Maintaining A Fedora IoT Remix And It's Actually Fun!

Let me introduce you to the amazing topic of building and maintaining your own Fedora IoT OS/Firmware Remix.

I want to use Fedora IoT on Raspberry Pi (and a multitude of other devices), but not without my own customizations, scripts and all that flavour. So I set out on an adventure to build and maintain a custom variant of Fedora IoT, a so-called Remix, because it’s a great system and surprisingly fitted to be customized.

I’m In Need For Some Remix

I’m currently in need for a solid firmware operating system based on linux with some very specific requirements - both for my work and all the Raspberry Pis in my possession. Based on the work of a friend and former colleague of mine1 and his research as part of his bachelor thesis I came to a quite opinionated solution based on Fedora IoT.

Fedora IoT has some nifty features:

With tools such as RPM-OSTree, Gitlab, Gitlab CI, Gitlab-Runner, EC2, Shell-Scripting, Containers, NGINX and so on we’ll look into how to build and maintain a Remix of Fedora IoT. But let’s not get ahead of ourselves.

The Journey Ahead

What I want as a start is placing my own shell-scripts, systemd units, configurations and RPMs onto multiple devices, let’s say all my Raspberry Pis. So coming from stock Fedora IoT a base requirement is to ship my own RPM-OSTree remote since that’s the source this system is receiving it’s updates from. OSTree allows to specify different remotes and switch freely between them and their respective branches and/or commits. So after we’ve setup a repo we can use the rpm-ostree command with e.g. rpm-ostree rebase myremote:mystuff/stable/aarch64 on the Fedora IoT host to switch over to our own repo, branch and architecture.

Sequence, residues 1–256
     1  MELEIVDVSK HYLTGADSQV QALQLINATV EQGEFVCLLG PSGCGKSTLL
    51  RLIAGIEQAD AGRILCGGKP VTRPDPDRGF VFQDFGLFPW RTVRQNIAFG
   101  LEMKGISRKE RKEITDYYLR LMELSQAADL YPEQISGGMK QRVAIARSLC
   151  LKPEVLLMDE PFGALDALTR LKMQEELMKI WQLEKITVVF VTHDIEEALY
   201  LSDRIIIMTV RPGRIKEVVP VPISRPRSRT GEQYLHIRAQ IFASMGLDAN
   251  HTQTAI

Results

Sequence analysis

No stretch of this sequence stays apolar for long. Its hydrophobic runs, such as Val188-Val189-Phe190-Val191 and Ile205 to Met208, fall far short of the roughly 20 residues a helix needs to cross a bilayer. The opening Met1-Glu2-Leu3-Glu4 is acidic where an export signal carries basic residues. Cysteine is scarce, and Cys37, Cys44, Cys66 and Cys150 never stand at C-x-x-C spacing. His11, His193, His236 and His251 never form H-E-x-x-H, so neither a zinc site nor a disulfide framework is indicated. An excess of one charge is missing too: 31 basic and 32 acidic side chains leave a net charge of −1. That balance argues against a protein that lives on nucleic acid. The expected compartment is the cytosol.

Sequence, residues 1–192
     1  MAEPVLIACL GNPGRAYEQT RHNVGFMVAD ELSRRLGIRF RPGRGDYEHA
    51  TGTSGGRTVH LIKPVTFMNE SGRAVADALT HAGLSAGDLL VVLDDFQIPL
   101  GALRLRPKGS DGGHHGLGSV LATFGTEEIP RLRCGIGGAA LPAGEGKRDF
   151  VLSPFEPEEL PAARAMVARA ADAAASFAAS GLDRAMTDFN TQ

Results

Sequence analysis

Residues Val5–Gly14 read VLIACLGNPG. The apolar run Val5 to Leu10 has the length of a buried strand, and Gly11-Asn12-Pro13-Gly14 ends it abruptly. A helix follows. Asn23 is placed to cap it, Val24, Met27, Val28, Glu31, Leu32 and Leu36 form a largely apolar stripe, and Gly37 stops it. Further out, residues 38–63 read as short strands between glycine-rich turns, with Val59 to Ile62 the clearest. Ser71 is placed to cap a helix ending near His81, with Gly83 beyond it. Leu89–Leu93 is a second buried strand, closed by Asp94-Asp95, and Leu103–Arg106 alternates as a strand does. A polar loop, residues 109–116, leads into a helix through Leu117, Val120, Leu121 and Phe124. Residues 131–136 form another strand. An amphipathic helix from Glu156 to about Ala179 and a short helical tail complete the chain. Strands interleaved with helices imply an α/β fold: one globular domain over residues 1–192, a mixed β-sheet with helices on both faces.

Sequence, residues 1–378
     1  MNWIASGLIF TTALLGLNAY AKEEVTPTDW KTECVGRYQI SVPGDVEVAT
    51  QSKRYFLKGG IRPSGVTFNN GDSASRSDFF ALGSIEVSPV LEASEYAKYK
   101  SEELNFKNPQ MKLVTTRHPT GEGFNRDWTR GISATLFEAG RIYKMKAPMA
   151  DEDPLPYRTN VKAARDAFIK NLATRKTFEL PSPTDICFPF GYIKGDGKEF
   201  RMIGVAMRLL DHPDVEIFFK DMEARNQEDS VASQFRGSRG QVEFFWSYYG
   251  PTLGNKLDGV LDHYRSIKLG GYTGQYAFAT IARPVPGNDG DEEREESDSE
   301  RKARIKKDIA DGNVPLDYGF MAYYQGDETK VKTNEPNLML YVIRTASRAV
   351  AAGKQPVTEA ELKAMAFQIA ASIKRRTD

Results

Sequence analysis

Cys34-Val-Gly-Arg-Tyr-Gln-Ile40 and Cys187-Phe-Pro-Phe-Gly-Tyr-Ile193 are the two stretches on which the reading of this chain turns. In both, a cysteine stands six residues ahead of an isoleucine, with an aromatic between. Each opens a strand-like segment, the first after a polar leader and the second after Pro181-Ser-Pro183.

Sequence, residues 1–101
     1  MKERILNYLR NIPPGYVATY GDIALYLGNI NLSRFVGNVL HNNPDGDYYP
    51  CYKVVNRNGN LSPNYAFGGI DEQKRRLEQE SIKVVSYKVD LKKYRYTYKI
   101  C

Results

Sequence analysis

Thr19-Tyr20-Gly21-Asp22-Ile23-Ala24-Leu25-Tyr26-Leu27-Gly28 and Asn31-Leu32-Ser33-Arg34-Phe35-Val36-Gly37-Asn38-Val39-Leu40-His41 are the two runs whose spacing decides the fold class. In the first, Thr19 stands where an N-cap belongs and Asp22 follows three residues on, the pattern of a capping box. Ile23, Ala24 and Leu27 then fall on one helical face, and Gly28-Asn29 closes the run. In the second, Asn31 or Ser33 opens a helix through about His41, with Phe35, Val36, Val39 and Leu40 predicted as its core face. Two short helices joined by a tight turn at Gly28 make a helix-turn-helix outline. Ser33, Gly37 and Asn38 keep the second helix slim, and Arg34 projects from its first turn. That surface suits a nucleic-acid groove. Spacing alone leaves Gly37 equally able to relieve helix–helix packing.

I figure the first thing and most interesting one to look at is building custom OSTree commits on top of stock Fedora IoT to fill our remote with some life. The sources for those custom commits come from a git repository which is not to be confused with an OSTree repository. After that we can take a look at how to serve this OSTree repository we just built, either openly or behind some authentication mechanism like mTLS. With the foundation setup and the basics clear we can move forward to bring some automagic into play and use CI to build new stuff for new source commits. While automating the build process is quite nice on it’s own, this should definitely happen on our existing OSTree repository and also update it with the result instead of creating a new repo every time. So we’ll spent some time on bringing the remote repo into the CI.

While all of the things above can be done in a multitude of ways I’ll give you my approach as one of many possibilities and hope you’ll find your own way together with the utter excitement of this topic. ~amazing


  1. Checkout his blog: 

Any thoughts of your own?

Feel free to raise a discussion with me on Mastodon or drop me an email.


The text of this post is licensed under the Attribution 4.0 International License (CC BY 4.0). You may Share or Adapt given the appropriate Credit.

Any source code in this post is licensed under the MIT license.